During the Manhattan Project, architect Gustav Pehrson transformed the pre-war farming community of Richland into a compact, walkable city that offered residents a variety of services. This building housed C.C. Anderson’s Department Store. As the only department store in town, it was a hive of activity located in the center of the community.
Most of the newly arrived residents of Richland relied on this store for their clothing and furniture needs. City planners intentionally located other services and institutions such as the local library and laundry nearby. Residents could accomplish many necessary tasks in the compact city center. This planned community did not please all residents. Oral histories reveal that the consumer choices available in Richland failed to satisfy and many people shopped at larger retailers in nearby Pasco and Kennewick.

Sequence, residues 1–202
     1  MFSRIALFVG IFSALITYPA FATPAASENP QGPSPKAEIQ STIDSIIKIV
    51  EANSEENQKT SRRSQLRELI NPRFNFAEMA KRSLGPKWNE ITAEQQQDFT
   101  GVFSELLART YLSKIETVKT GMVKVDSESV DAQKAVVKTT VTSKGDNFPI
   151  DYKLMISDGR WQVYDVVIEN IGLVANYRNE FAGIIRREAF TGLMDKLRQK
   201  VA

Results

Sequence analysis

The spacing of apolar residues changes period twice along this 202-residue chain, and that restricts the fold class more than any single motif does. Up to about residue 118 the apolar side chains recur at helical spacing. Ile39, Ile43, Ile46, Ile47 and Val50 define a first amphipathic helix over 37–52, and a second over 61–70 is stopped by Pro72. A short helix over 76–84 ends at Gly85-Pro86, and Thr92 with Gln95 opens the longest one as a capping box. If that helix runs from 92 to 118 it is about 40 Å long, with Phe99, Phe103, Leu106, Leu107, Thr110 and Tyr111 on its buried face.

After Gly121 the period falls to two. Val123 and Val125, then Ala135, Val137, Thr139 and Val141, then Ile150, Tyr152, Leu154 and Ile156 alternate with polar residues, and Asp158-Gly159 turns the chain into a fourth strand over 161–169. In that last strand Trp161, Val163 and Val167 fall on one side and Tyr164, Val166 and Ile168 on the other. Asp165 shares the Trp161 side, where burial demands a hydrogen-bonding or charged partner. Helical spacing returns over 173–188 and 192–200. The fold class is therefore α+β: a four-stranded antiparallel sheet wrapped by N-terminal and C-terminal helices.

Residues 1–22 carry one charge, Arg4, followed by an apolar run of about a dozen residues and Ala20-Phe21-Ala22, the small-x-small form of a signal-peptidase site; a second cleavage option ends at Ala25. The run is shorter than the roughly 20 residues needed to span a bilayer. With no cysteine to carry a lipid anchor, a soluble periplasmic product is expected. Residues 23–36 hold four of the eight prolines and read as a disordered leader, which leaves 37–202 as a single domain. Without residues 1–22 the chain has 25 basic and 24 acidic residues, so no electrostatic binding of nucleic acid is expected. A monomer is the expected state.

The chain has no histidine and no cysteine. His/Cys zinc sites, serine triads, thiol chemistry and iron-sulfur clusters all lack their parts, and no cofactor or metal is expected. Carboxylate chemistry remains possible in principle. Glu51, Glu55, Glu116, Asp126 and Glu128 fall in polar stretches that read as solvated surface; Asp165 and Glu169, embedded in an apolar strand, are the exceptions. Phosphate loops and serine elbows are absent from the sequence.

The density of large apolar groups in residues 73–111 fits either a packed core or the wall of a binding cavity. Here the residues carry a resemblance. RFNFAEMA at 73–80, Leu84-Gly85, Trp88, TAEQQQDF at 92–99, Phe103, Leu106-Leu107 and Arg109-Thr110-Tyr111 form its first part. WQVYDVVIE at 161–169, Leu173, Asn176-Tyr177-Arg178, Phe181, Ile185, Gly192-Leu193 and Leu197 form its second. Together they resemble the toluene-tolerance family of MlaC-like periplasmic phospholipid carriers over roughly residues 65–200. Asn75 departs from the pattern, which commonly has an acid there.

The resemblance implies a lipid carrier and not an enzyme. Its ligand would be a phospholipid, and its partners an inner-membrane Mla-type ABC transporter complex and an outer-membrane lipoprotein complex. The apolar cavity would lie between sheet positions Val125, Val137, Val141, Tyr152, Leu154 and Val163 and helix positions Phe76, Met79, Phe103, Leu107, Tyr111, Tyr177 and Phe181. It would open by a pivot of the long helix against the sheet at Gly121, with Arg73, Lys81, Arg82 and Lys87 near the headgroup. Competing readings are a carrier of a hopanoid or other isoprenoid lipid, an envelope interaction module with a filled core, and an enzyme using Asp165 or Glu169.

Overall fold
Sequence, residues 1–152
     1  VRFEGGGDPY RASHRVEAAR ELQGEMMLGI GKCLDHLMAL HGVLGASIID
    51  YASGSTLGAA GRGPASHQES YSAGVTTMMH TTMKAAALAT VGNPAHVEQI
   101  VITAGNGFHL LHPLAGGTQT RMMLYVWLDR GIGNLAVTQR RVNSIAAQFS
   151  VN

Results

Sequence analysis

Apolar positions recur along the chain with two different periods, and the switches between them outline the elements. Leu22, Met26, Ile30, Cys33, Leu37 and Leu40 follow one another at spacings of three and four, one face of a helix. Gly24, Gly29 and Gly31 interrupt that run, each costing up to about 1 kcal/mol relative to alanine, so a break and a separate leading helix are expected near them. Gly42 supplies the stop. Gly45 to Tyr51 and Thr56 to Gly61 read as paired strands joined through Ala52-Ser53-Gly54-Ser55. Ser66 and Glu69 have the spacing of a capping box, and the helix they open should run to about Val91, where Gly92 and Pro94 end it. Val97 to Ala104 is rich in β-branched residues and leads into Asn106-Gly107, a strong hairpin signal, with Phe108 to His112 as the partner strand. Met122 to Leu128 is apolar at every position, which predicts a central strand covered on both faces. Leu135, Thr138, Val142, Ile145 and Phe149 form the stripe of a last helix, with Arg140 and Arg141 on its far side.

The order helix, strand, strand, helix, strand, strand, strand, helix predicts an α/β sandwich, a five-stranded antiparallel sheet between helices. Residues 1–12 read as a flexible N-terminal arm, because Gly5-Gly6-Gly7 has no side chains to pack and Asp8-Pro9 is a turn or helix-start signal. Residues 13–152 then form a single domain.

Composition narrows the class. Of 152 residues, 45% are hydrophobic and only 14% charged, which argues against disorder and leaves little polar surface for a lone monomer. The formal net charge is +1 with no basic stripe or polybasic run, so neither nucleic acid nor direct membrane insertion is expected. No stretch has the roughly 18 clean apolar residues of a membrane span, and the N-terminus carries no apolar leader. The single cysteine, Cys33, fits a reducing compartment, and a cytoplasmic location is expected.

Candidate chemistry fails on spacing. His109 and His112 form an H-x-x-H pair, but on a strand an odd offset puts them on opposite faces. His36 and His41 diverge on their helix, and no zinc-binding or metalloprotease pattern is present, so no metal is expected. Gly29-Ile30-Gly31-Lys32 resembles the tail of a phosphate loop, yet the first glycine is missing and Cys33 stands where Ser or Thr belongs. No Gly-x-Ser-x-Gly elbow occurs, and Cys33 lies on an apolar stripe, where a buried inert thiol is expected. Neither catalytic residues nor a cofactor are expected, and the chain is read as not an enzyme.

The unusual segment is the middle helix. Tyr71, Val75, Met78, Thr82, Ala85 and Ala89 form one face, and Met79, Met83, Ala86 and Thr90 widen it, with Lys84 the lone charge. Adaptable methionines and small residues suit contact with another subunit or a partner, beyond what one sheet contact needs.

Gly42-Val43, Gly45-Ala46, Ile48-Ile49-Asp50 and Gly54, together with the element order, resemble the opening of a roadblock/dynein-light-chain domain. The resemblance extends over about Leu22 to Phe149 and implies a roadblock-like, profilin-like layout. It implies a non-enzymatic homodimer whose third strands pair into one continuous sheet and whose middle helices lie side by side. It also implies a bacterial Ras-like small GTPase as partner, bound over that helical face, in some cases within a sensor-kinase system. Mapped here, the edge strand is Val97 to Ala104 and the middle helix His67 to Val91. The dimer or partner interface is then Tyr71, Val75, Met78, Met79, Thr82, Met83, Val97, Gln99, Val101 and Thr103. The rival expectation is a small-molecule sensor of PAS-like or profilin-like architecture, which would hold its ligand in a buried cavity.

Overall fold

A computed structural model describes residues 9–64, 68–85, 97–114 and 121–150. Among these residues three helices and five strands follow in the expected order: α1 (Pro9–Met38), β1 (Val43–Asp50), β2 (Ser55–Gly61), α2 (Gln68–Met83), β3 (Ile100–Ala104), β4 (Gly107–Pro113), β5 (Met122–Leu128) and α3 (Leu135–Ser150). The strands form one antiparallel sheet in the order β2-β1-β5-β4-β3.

Continue Your Journey
Many of the buildings on the surrounding The Greenway (Richland Parkway) are from the pre-war town of Richland. They continued to serve as stores and institutions during the Manhattan Project. Riverside Park (Howard Amon Park) and Dyer Building (Gallery at the Park), and Gress’s Meat Market (Frost Me Sweet) were a part of Richland as it changed from a small farming town to a secret city. Walk through this neighborhood with an eye to the architecture and streetscape and you can see how the Manhattan Project transformed Richland.